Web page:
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With college football power conferences moving to postpone their season, student-athletes face a different but just as fierce opponent this season — mental health. After sports seasons were lost in the spring due to the global pandemic, the NCAA conducted a well-being study that found “the rates of mental health concerns were 150% to 250% higher than that historically reported by NCAA student-athletes.”
The survey also revealed that over 30% of student-athletes were having difficulty sleeping. Additionally, 10% percent reported they were “constantly” or “most every day” feeling so depressed it was difficult to function. The pandemic continues to impact higher education, with many institutions being forced to shift to online-only or hybrid options. With student-athletes now facing postponed or canceled seasons in the fall, colleges and universities need to ensure that this unique student population has the mental health resources they need.
“Feelings of loss, uncertainty and disappointment can swell into serious mental health issues for student-athletes if colleges and universities don’t attend to these students now,” says Dr. Jan Hall, Executive Director of Mental Health at TimelyMD. “They need strategies to express and process their feelings.”
Advice for those involved in college athletics
As colleges and universities continue to develop, adapt and revise plans for upcoming semesters and sports seasons, Dr. Hall shares this advice:
Student-athletes: Seek help even if you’re doing ok now
Seek resources and help, even if you think you’re doing alright right now. The full impact of postponing or losing a season may not hit some student-athletes right away. Psychologists in the athletics department and therapists in the university counseling center or via telehealth can help work through the various stages of the grief process you may be experiencing. Be sure that you understand what resources are available to you and how to access them.
Athletic directors and coaches: Maintain structure for student-athletes
Maintain structure, communication and support at the departmental, team and student-athlete levels as much as possible. When the field of play isn’t available, consider how student-athletes can still build the bonds of a team. You’ll need to be especially attentive to student-athletes in a situation where sports is an economic mobility engine. Students who may not have strong support systems or even basic needs met at home also need to have particular care taken for their mental health. The NCAA’s study reinforced this fact when it found that mental health concerns were highest among “students of color, those facing economic hardship and those living alone.”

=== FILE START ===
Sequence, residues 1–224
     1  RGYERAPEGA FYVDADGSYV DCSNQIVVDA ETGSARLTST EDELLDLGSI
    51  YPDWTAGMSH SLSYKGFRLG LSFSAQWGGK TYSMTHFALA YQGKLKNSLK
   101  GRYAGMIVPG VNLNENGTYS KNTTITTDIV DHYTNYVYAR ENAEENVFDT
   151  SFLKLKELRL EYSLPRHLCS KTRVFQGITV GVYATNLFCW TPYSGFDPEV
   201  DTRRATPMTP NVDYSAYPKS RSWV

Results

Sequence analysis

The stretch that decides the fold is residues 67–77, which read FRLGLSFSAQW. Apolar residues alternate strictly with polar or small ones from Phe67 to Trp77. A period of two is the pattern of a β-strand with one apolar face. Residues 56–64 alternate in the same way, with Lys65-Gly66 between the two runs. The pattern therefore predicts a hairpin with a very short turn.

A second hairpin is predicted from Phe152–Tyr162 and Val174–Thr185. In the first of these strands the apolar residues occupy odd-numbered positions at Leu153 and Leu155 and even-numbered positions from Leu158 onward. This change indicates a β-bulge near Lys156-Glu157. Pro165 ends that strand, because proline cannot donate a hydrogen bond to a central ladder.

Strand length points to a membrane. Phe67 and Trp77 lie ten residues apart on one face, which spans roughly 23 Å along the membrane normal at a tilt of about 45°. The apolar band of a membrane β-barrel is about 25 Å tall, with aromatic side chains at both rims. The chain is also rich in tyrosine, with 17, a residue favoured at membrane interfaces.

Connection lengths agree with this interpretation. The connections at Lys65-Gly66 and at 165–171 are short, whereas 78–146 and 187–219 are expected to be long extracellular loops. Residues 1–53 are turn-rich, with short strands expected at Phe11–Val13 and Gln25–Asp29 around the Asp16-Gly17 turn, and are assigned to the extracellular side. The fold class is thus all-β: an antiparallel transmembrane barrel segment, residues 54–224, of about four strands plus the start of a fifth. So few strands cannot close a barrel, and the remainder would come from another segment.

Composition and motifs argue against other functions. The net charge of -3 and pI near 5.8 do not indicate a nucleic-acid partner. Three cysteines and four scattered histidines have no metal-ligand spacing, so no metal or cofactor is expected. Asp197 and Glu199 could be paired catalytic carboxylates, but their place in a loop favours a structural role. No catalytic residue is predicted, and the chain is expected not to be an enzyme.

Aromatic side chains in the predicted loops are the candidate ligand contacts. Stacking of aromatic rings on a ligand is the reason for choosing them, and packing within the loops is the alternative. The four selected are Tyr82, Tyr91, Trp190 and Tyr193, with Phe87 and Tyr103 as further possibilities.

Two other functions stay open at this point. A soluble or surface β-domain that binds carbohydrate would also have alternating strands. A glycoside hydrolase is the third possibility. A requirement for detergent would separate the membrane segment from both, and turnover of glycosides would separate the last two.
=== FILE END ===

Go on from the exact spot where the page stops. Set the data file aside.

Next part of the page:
College and university leaders: Make mental health a priority
While losing football is a devastating financial blow for many institutions, mental health support for students has never been more critical. A recent survey by TimelyMD revealed that a majority of college students (85%) are experiencing increased stress and/or anxiety during the pandemic. Despite this increase, only 21% of students said they sought emotional support by talking in person or via telehealth to a licensed counselor or behavioral health professional.
Clearly, higher education leaders have reason to be concerned for students and student-athletes alike. The uncertainty and upheaval happening on the field of play and in the classroom is creating an environment for mental health issues to have a significant impact on students. In these challenging times, it’s essential that students and student-athletes have access to appropriate mental health resources to keep them safe and healthy.
Anytime access to support services can make a difference
A telehealth partner with licensed mental health professionals in all 50 states like TimelyMD can ensure 24/7 access to immediate mental health care. Telehealth serves as an extension of on-campus healthcare resources to take some of the burden off counseling centers that may be struggling to meet demand for services. More importantly, telehealth provides all students, including athletes, with a safety net of emotional support when and where they need it.
“I think it’s a real asset to a university, for students to be able to access mental health care in a way that’s easy, that’s there 24/7 and that’s going to help students become stronger individuals and stronger people in life,” said Dr. Hall in an interview with University Business.
Contact TimelyMD to learn how telehealth can care for the mental health of your students and student-athletes this semester.